We just learned how to count in binary (base 2). All the digits are 0s and 1s. These are called "**bi**nary digi**ts**," or "bits" for short. One **bit** is a "0" or a "1."

#### Combinations

Now we should think about how many number combinations can be made with a certain number of digits. For example, let's say that you have a suitcase with a 3-digit number lock. How many combinations are there? Easy: 1000. You start with 000, the go up through 001, 002, 003, etc. until you reach 999. From 000 to 999 is 1000 combinations.

There is a simpler way to put it: the number of combinations is the base to the power of the number of digits, or **base ^{d}**. If you are in base 10 and you have a 3-digit lock, then the number of combinations is

**10**, or 1000.

^{3}##### Base 2 Combinations

Now let's do the same thing in base 2. If you have 4 bits, how many different combinations (numbers) can you make? We're in base 2, so that would be **2 ^{4}**, or 2 x 2 x 2 x 2, or 16.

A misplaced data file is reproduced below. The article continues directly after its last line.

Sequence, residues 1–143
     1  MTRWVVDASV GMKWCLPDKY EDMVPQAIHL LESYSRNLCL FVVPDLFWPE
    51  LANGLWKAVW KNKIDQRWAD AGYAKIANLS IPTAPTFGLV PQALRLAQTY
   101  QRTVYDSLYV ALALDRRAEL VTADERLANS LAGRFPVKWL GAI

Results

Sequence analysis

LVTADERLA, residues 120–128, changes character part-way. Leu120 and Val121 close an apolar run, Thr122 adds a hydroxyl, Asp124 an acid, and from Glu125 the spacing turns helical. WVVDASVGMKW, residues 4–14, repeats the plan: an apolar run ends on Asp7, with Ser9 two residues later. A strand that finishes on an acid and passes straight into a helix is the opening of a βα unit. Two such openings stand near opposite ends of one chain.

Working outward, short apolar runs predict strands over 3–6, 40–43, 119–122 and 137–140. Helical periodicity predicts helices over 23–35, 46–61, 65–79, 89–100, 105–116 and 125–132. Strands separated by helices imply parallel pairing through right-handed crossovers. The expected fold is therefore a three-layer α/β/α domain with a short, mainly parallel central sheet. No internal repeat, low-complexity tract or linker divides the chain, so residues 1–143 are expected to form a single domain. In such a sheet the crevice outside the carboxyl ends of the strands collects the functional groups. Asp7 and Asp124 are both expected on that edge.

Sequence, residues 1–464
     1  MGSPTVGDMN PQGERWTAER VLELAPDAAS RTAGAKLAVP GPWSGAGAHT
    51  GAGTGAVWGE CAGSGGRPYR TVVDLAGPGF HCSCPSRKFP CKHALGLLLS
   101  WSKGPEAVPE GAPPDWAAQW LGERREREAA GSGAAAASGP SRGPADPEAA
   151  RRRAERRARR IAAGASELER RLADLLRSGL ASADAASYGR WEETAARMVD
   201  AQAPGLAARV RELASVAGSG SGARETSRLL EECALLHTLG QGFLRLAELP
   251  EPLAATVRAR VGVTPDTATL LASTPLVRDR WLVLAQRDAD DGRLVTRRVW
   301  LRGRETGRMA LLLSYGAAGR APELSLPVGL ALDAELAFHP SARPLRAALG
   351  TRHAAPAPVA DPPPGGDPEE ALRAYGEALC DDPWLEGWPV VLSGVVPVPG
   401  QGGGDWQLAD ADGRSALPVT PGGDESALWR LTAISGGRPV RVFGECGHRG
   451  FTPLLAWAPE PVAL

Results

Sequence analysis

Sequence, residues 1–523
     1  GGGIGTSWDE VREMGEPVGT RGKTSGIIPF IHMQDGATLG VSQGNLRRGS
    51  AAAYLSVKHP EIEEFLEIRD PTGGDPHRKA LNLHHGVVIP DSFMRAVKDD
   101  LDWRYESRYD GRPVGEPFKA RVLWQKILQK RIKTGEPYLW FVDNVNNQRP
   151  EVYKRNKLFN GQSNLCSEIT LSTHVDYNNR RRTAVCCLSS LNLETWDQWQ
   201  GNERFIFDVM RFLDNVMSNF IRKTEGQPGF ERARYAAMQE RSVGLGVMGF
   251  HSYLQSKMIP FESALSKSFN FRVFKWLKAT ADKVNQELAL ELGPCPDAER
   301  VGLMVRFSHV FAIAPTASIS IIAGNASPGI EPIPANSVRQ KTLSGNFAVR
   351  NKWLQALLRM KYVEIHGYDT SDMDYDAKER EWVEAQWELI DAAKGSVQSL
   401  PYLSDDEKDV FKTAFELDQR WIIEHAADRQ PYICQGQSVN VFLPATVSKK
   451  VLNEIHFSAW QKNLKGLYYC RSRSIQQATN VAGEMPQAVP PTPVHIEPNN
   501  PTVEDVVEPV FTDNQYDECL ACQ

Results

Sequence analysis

We can test that by just counting from 0000 to 1111 and seeing how many numbers we make:

0000 = 0

0001 = 1

0010 = 2

0011 = 3

0100 = 4

0101 = 5

0110 = 6

0111 = 7

1000 = 8

1001 = 9

1010 = 10

1011 = 11

1100 = 12

1101 = 13

1110 = 14

1111 = 15

That is 0-15, for a total of 16 numbers!

Now that we know this system, we can see the combinations more easily:

1 bit | 2^{1} |
2 combinations |

2 bits | 2^{2} |
4 combinations |

3 bits | 2^{3} |
8 combinations |

4 bits | 2^{4} |
16 combinations |

5 bits | 2^{5} |
32 combinations |

6 bits | 2^{6} |
64 combinations |

7 bits | 2^{7} |
128 combinations |

8 bits | 2^{8} |
256 combinations |

### The Byte

Now that we know about combinations, we can look at what a **Byte** is. Basic definition: **a Byte is 8 bits**. For example, 10010110 is an eight-bit number, and it is a Byte.